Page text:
‘Louvre (‘J.M.W. Turner’ ‘Edward Rampton’)’ and ‘Louvre (‘Leonardo da Vinci’ ‘Albert Evans’)’ each consist of two paired bronze heads on marble pedestals. According to the artist, ‘Turner’ and ‘Rampton’ were first exhibited at the Van Abbemuseum, Eindhoven as part of a series of eight paired sculptures, collectively titled ‘Louvre’ 1975, a title chosen because it suggests the ultimate museum. The complete installation is reproduced in the catalogue for Dimitrijevic's exhibition at the Kunsthalle Tübingen in 1979 (n.p.). In the Eindhoven installation, the following pairs were exhibited with ‘Turner and Rampton’: ‘Leonardo da Vinci and Gerhard Hecht’ (now coll. Stadtisches Museum Abteiberg Möchengladbach), ‘Albrecht Dürer and Dieter Koch’ (private collection) and ‘Rembrandt van Rijn and Frans van Dooren’ (coll. Van Abbemuseum, Eindhoven). ‘Leonardo da Vinci and Albert Evans’ were cast later and apart from exhibitions in London, have not, according to the artist, been shown in Europe.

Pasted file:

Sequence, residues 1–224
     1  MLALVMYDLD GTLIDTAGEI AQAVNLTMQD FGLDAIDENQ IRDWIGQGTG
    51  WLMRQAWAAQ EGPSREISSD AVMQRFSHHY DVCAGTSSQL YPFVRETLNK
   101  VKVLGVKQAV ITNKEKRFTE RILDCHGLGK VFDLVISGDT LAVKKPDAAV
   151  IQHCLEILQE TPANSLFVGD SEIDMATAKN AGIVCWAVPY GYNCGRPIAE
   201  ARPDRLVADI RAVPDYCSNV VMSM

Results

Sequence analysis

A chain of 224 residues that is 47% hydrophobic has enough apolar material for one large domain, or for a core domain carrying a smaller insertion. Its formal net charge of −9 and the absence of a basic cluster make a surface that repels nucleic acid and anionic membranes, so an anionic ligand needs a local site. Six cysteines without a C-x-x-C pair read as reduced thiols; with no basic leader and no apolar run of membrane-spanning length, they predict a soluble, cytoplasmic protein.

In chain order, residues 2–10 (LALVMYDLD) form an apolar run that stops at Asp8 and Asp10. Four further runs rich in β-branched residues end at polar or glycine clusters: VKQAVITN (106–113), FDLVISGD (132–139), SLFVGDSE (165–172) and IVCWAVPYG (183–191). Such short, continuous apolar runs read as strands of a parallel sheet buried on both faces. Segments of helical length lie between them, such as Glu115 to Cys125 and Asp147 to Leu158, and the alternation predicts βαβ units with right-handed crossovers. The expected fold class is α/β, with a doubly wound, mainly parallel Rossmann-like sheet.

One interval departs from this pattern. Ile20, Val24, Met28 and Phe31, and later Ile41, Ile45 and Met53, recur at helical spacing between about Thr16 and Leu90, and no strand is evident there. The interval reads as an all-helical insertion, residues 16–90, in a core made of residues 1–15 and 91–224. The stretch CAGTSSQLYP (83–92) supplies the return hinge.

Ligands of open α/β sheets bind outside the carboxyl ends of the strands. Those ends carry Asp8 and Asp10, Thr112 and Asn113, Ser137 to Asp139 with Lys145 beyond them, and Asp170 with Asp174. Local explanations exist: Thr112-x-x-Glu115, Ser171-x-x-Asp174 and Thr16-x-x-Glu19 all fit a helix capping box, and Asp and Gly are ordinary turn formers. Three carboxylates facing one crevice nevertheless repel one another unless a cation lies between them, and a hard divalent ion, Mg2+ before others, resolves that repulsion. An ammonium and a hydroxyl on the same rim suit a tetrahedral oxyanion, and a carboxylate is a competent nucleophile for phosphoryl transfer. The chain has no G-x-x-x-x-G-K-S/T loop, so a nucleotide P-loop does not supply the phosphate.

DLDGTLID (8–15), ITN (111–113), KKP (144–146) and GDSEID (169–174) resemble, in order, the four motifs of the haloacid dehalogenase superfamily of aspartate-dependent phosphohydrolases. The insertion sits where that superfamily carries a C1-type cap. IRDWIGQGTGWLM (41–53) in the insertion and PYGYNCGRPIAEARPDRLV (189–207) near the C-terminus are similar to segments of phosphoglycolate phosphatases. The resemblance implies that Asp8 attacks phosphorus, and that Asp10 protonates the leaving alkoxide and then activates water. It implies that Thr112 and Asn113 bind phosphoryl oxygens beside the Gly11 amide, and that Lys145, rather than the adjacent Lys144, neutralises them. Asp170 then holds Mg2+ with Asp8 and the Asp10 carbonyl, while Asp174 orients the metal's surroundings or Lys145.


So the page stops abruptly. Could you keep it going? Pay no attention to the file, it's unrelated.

Each pair portrays a famous artist beside a bust of an unknown. The selection of the ‘unknown’ was undertaken in the same manner as the selection for participators in the ‘Casual Passer-by’ series - the individuals were picked at random by Dimitrijevic, who told them his story of the Two Artists (see entry for T03684).
In her introduction to Dimitrijevic's exhibition at the ICA in 1979 (op.cit.), Sarah Kent wrote: